What's relevant is: Where's the study which actually shows that dietary beta-carotene does not have the known adverse effects at the relevant dosage? Icek 08:46, 28 October 2007 (UTC)

Dietary source: how much per kg?[edit]

Can someone please add how many mg per kg you can find in the veggies and fruits in the "dietary source" list. THANKS -- Michael Janich 03:21, 28 October 2007 (UTC)

Additionally, a certain concentration of carotene should be a criterion for inclusion in the list. I think it would be even better to use the amount of carotene per dry weight or per nutritional energy. Icek (talk) 12:05, 14 April 2008 (UTC)

WikiProject Food and drink Tagging[edit]

This article talk page was automatically added with {{WikiProject Food and drink}} banner as it falls under Category:Food or one of its subcategories. If you find this addition an error, Kindly undo the changes and update the inappropriate categories if needed. The bot was instructed to tagg these articles upon consenus from WikiProject Food and drink. You can find the related request for tagging here . Maximum and careful attention was done to avoid any wrongly tagging any categories , but mistakes may happen... If you have concerns , please inform on the project talk page -- TinucherianBot (talk) 01:18, 4 July 2008 (UTC)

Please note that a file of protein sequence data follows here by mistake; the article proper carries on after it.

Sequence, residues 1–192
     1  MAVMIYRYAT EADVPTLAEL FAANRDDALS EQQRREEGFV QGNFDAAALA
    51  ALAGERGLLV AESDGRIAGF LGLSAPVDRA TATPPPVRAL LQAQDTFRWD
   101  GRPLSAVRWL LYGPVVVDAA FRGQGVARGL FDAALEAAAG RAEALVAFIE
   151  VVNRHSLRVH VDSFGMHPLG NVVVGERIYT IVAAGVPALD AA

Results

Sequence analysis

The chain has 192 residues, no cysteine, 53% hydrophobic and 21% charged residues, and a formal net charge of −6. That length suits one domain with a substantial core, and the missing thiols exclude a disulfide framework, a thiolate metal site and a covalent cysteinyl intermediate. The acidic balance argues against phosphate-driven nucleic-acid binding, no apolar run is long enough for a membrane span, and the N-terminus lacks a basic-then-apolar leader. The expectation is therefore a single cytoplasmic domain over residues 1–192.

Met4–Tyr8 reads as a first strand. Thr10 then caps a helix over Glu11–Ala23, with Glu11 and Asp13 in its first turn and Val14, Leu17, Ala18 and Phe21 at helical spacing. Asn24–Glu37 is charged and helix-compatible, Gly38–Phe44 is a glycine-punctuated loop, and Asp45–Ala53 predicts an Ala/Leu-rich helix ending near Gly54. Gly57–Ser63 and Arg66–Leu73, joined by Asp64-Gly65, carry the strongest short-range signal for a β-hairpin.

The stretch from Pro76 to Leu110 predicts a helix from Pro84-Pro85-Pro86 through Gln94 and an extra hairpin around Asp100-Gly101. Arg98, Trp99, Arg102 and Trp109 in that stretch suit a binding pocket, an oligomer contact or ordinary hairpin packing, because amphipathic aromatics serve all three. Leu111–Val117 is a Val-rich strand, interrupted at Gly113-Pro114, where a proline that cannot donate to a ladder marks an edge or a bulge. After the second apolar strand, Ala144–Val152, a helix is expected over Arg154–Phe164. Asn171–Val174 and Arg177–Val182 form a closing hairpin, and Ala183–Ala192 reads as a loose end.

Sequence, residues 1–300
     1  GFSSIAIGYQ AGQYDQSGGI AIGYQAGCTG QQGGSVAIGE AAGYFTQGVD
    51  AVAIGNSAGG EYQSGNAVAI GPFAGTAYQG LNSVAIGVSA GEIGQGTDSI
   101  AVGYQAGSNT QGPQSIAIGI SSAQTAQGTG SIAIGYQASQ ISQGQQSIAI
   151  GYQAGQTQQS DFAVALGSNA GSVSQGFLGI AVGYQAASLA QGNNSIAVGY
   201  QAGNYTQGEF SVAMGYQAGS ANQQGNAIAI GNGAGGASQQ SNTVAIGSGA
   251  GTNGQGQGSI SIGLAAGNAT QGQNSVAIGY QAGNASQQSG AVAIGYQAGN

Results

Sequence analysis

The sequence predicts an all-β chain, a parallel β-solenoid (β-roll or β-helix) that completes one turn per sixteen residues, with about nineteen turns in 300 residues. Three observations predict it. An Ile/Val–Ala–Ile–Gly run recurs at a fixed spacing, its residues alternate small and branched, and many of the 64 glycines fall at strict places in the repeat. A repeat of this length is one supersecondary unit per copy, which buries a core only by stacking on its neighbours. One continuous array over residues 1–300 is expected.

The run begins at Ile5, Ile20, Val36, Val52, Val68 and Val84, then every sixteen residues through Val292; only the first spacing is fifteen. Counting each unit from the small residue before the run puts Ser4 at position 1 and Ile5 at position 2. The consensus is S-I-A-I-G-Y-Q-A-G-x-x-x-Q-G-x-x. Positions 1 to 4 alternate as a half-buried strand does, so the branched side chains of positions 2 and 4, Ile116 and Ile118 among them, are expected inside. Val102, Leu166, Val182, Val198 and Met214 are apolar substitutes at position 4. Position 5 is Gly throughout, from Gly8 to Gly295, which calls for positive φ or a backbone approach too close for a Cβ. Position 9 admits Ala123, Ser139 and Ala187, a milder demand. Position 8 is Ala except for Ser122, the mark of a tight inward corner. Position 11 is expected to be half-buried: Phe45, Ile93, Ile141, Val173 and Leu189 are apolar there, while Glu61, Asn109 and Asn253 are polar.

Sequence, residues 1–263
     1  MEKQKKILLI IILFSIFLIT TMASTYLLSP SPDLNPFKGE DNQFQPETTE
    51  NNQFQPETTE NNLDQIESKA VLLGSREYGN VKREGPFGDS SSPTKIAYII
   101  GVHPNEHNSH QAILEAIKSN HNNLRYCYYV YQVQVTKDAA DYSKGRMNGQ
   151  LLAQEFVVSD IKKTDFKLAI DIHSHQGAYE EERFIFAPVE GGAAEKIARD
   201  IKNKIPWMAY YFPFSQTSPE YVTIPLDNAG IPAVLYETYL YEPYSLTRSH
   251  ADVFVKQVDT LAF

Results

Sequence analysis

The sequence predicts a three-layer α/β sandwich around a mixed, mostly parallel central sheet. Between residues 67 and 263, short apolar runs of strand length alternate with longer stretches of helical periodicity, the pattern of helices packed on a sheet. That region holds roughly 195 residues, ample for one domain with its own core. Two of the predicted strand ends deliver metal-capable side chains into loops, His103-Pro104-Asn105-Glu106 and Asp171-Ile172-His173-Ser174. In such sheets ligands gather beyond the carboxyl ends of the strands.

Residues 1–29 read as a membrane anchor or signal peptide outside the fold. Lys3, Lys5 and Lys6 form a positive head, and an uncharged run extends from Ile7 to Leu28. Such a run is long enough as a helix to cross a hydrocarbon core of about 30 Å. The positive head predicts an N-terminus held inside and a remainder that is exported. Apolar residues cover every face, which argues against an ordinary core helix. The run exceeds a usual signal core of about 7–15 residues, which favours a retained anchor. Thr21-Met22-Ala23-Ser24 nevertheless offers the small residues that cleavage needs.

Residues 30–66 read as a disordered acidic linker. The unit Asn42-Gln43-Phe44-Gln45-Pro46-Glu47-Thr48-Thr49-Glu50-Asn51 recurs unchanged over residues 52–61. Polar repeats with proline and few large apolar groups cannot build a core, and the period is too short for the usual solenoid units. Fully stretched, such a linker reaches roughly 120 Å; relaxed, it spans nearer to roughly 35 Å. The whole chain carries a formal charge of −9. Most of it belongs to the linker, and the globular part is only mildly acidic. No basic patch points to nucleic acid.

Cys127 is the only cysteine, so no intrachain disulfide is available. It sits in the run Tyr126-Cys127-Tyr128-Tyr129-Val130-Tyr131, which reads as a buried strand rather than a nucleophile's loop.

partially cis vs. all-trans[edit]

I was wondering why the 3D stick model is cis at C6-C7 and C8-C9 (and not in C6'-C7' and C8'-C9') while the strucutral formula further down is all trans. If that is due to photo excitation it should be explained in the text. 2 September 2009

Me too - but I had to find [1] for the carbon labeling. Rod57 (talk) 15:55, 7 December 2010 (UTC)

Link to Whole Foods broken, New source required[edit]

The link should go to an archived version of the page unless it has simply been moved — Preceding unsigned comment added by (talk) 15:39, 13 June 2014 (UTC)

External links modified[edit]

Hello fellow Wikipedians,

I have just modified 5 external links on Carotene. Please take a moment to review my edit. If you have any questions, or need the bot to ignore the links, or the page altogether, please visit this simple FaQ for additional information. I made the following changes:

When you have finished reviewing my changes, please set the checked parameter below to true or failed to let others know (documentation at {{Sourcecheck}}).

You may set the |checked=, on this template, to true or failed to let other editors know you reviewed the change. If you find any errors, please use the tools below to fix them or call an editor by setting |needhelp= to your help request.

  • If you have discovered URLs which were erroneously considered dead by the bot, you can report them with this tool.
  • If you found an error with any archives or the URLs themselves, you can fix them with this tool.

If you are unable to use these tools, you may set |needhelp=<your help request> on this template to request help from an experienced user. Please include details about your problem, to help other editors.

Cheers.—InternetArchiveBot (Report bug) 04:08, 16 November 2016 (UTC)